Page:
Botanical Gardens – 4 of the World’s Most Beautiful
Botanical gardens have much more to offer than peaceful views and blooming flowers. Through their vast collections of native flora and dedication to the preservation of their extraordinary landscapes, these verdant spaces frequently extol a location’s history and culture.
Whether you want to immerse yourself in nature while traveling or get away from the hustle and bustle of the city, these are the most beautiful gardens in the world that you really should see at least once in your life.
The National Botanical Garden in Pamplemousses, Mauritius
Officially known as Sir Seewoosagur Botanic Garden, this lush wonder is situated in Pamplemousse and is the oldest of the botanical gardens in the Southern Hemisphere. Its origins go back to 1735, when the French Governor of Mauritius at the time, François Mahé de Labourdonnais, first established a private garden. Since then, this garden has grown to be the home of over 650 different plant varieties and 86 different palm tree varieties from around the world. A truly veritable paradise of flora for your to explore.
The Singapore Botanic Gardens
With the moniker “City in a Garden,” it’s no surprise that Singapore has an impressive collection of gardens and parks scattered throughout its innovative architecture and skyscrapers. The Botanic Gardens, Singapore’s most famous greenspace, boasts an impressive collection of floral brilliance that is spread across 60 acres for you to traverse and sample its magnificent beauty.
The concept of a national garden for Singapore was first established back in 1822, when Sir Stamford Raffels established an “experimental garden” at Fort Canning. The garden grew over the centuries, encircling the city and developing a one-of-a-kind collection of tropical vegetation.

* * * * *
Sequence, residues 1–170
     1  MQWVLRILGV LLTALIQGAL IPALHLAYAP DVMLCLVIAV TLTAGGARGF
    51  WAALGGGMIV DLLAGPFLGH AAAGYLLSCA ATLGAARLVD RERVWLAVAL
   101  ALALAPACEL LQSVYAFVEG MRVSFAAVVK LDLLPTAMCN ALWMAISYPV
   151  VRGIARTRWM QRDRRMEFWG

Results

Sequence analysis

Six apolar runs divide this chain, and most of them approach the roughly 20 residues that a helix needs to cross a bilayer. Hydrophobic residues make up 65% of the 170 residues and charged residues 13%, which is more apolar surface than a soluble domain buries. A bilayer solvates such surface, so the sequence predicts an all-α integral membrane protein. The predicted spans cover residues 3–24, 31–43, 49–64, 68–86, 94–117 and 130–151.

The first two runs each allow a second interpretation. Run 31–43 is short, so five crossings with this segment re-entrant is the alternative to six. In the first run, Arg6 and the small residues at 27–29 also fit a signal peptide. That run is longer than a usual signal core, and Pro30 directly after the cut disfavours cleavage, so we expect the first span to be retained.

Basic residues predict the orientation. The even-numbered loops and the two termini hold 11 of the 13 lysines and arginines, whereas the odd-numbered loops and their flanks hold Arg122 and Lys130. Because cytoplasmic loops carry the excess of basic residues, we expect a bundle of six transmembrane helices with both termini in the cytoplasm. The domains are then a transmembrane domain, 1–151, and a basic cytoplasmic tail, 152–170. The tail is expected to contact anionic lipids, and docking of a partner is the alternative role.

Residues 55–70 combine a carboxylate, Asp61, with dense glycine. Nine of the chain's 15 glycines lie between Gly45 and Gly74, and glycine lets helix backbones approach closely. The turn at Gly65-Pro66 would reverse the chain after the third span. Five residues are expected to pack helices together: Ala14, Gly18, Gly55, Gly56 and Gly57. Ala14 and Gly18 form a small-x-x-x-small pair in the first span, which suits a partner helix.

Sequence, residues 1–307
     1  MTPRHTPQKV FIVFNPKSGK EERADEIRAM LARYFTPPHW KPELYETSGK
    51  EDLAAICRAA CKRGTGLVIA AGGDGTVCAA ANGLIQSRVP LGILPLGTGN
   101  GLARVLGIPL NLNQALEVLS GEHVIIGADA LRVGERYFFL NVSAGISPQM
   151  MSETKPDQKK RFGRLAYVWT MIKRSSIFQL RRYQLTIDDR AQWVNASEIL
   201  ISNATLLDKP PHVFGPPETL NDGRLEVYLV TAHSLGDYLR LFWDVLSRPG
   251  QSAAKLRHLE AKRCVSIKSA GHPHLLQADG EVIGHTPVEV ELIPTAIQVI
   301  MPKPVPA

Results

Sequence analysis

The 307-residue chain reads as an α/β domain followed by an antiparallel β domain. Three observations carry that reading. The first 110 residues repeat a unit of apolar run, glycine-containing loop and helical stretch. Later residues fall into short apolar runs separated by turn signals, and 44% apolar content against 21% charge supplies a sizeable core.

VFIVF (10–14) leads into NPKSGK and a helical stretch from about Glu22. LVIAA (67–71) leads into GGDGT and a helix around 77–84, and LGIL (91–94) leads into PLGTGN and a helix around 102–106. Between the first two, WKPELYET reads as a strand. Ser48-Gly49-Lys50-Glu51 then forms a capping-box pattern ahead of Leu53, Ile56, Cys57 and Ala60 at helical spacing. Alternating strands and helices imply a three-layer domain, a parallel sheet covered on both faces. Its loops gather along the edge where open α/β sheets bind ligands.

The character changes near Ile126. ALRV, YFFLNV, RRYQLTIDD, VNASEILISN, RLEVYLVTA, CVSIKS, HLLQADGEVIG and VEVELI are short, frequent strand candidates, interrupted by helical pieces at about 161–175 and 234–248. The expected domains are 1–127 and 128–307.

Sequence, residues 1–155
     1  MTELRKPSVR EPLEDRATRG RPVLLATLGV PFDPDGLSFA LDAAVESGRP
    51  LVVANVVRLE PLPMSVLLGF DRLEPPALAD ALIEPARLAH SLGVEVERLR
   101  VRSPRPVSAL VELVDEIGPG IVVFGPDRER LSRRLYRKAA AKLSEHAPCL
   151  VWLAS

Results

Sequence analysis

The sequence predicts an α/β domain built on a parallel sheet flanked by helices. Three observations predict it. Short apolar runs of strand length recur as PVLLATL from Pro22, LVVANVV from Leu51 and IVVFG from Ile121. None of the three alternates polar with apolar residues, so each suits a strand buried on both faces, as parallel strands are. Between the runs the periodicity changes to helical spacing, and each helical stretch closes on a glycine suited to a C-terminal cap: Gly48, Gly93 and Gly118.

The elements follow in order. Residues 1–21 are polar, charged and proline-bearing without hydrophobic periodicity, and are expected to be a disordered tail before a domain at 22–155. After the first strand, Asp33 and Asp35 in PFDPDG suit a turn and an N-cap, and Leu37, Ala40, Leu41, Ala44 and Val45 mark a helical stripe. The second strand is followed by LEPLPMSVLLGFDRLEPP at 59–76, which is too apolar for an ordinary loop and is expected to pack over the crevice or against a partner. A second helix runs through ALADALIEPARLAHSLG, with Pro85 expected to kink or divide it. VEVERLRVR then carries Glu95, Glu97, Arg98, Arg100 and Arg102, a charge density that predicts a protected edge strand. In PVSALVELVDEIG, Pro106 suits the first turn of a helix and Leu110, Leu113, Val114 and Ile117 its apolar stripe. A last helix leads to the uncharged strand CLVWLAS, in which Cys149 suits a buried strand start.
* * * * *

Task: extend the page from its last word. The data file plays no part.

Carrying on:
Kenroku-en Garden in Kanazawa, Japan
Kenroku-en, one of Japan’s “Three Great Gardens,” reflects harmony with nature in its simple yet intricately planned landscapes. The Maeda clan began construction on this serene wonder in the middle of the 17th century and continued for nearly 200 years.
Kenroku-en literally translates to “Garden of the Six Sublimities,” alluding to the six essential characteristics of a perfect garden in Chinese landscape theory: artifice, seclusion, panorama, antiquity, waterways, and spaciousness. The garden’s charming ponds, quaint tea and rest houses, and islands of native flora will help you to both appreciate nature’s wonder and uncover much of the botanical garden’s history.
Keukenhof in Lisse, Netherlands
This landmark of South Holland contains an incredible 7 million flower bulbs planted across 79 acres of land. This is what makes it the world’s largest flower garden so prepare for quite a journey before you set off to take in this impressive scenery. Before Keukenhof Castle was built in 1649, the grounds were a fruit and vegetable garden for Teylingen Castle’s kitchen. A group of leading flower growers created a spring-flowering exhibit in 1949, laying the groundwork for the tulip gardens and spring park.